Dr Andrew Robins
Dr Andrew Robins
14 November 2010

Terms like “giving the evil eye” and “right hand man” have been commonplace since the ancient Greeks realised that humans perceive their world very differently on the left and right sides of their body.

Now we know that the same can be said for cattle.

Dr Andrew Robins and Professor Clive Phillips from The University of Queensland’s Centre for Animal Welfare and Ethics (CAWE) have published their findings of an investigation to determine whether cattle possess “visual lateralisation”.

Lateralisation is the specialised process known to occur within either the left or right side of the vertebrate brain.

“There appears to be a common lateralised ancestor,” Dr Robins said.

“In all species studied, from fish to mammals, there is a consistent pattern of specialised functions carried out on either side of the brain. The right side specialises in the rapid analysis of, and response to, novel or threatening stimuli such as predators.

"By contrast, the left side of the brain specialises in considered, detailed processing such as deciding what to eat and what to avoid eating.”

Director of CAWE, Professor Clive Phillips is excited about the results.

“CAWE research has demonstrated that cattle are more likely to cross the paths of humans with the person in the left eye field of vision, that is, from the right-hand side of the person to the left than vice versa.

"Direct implications of the CAWE research will facilitate improved husbandry methods and cattle welfare using this new understanding of their herding behaviour.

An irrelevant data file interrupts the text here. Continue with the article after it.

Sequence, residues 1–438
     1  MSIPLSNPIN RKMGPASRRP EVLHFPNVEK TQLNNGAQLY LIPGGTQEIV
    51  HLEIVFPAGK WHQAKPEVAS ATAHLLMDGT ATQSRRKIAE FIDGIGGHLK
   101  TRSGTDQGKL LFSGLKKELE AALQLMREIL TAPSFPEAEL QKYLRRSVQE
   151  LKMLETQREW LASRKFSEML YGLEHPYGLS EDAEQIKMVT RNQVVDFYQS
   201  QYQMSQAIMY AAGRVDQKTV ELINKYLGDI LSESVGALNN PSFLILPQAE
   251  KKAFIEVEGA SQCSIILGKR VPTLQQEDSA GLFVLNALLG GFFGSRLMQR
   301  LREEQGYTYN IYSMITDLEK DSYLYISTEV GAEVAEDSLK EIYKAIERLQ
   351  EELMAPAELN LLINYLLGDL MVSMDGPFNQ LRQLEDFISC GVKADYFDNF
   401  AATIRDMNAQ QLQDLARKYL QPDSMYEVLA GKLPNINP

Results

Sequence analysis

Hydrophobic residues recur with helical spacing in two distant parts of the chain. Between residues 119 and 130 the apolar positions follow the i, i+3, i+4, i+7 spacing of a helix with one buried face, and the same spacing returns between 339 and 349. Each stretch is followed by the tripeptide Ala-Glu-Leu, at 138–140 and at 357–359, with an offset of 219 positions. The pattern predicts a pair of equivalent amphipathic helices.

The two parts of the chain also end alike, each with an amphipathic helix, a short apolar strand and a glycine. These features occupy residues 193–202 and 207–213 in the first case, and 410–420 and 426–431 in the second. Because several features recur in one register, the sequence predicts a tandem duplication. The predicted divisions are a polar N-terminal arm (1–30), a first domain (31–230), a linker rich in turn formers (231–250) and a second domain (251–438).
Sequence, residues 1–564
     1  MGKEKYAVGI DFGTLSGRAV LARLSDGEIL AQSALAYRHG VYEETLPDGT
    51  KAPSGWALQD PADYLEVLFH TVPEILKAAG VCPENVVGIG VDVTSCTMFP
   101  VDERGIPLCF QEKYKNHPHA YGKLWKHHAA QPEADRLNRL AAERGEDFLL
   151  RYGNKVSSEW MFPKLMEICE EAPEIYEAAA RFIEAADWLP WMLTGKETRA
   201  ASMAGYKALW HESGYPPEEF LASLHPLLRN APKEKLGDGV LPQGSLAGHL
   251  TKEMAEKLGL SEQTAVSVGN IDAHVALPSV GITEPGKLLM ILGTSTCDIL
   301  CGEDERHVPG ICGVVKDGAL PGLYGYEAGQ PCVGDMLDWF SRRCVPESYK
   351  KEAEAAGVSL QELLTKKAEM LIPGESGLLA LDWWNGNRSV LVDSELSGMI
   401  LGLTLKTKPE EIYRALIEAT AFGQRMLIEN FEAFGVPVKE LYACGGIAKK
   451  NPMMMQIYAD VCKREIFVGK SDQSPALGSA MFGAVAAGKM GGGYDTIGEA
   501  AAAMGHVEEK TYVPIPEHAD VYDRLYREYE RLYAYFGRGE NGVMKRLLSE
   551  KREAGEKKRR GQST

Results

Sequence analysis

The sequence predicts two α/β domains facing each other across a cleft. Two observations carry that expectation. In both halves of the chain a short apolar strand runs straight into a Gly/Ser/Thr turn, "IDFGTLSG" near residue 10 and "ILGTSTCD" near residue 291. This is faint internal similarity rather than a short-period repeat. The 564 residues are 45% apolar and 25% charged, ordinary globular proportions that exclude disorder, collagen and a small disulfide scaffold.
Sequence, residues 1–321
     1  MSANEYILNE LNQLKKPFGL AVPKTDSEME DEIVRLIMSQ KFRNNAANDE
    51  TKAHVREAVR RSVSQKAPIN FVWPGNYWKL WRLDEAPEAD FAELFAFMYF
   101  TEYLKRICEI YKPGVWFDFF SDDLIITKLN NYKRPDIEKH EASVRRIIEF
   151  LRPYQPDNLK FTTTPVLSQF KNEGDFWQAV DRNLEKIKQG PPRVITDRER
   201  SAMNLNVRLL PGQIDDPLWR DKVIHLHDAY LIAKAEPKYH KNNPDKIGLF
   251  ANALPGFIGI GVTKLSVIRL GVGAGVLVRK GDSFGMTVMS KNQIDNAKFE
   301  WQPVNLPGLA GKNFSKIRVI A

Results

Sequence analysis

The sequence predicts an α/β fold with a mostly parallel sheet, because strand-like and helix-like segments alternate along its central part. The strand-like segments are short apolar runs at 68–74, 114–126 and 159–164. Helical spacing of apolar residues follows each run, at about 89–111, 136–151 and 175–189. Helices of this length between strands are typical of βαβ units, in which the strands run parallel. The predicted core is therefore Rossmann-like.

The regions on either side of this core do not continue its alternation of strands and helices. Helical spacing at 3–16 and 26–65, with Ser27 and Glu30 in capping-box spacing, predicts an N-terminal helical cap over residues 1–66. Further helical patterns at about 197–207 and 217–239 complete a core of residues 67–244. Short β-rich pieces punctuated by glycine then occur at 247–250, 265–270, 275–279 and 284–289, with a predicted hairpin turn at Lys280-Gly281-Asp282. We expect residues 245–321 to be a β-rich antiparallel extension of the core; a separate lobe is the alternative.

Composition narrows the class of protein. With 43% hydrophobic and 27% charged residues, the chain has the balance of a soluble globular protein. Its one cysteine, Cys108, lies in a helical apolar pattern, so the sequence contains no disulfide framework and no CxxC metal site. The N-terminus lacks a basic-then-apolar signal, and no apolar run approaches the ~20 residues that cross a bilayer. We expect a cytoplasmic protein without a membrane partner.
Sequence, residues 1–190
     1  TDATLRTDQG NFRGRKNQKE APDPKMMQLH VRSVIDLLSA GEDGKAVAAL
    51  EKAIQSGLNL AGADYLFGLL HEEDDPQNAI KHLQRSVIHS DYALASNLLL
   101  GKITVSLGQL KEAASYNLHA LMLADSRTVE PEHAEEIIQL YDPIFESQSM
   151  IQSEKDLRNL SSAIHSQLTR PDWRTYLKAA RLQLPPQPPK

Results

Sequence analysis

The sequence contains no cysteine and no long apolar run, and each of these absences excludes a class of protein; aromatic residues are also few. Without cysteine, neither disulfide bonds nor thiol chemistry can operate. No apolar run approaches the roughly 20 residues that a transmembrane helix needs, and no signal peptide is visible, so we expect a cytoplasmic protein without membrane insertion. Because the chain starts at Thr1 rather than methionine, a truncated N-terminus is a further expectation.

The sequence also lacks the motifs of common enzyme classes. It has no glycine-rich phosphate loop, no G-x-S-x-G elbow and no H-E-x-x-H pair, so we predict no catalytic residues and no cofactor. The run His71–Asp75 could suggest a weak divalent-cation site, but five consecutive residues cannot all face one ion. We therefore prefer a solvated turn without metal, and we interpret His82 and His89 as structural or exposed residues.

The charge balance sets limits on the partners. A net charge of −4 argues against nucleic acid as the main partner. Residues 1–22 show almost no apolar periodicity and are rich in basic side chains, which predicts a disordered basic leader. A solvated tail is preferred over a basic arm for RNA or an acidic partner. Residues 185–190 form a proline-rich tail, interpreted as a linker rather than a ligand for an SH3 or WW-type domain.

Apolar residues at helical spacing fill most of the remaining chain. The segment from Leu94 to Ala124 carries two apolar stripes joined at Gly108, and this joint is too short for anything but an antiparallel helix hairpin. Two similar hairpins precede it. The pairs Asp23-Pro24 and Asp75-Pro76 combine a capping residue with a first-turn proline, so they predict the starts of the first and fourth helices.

"A related implication includes improved yard designs to incorporate cattle’s visual preferences.”

The study aimed to find out if cattle preferred to view a potential threat with either their left or right eye.

The CAWE team followed up on a Russian study that found intensively-housed dairy herd productivity varied, depending on the direction they received their food.

The Russian researchers found that dairy cattle that always fed from a tractor and hopper moving rightwards past their stall were 10 per cent more productive than cattle fed from the leftwards direction.

The Russians concluded that the productivity differences were related to other studies finding lateralisation in the right side of the brain’s control of the Sympathetic nervous system – which coordinates milk let-down as well as the “flight or fight” response.

This led Dr Robins and Professor Phillips to devise their “herd-splitting” experiments where the middle of herd groups of 17 to 33 head were divided by a researcher advancing on foot, with successively more threatening stimuli.

First the experimenter walked alone, then with an umbrella, next a wide forked apparatus, and finally an idling whipper-snipper engine.

The cattle consistently and significantly preferred to orient themselves to view the novel and potential threat with their left eye, which meant that the cattle were choosing to analyse the threat with the right side of their brain.

The paper entitled “Lateralised visual processing in domestic cattle herds responding to novel and familiar stimuli” was published in the journal "Laterality: Asymmetries of Body, Brain and Cognition" and resulted from the award of a small grant from the Australian Veterinarian Association’s Animal Welfare Trust.

Would you like to see more research to improve animal welfare?

Please contact the Centre for Animal Welfare and Ethics for more information on this research or to support further research to improve animal welfare. www.uq.edu.au/cawe

Media: Erin Pearl, 07 54 601 229 or Professor Clive Phillips 07 54 601 158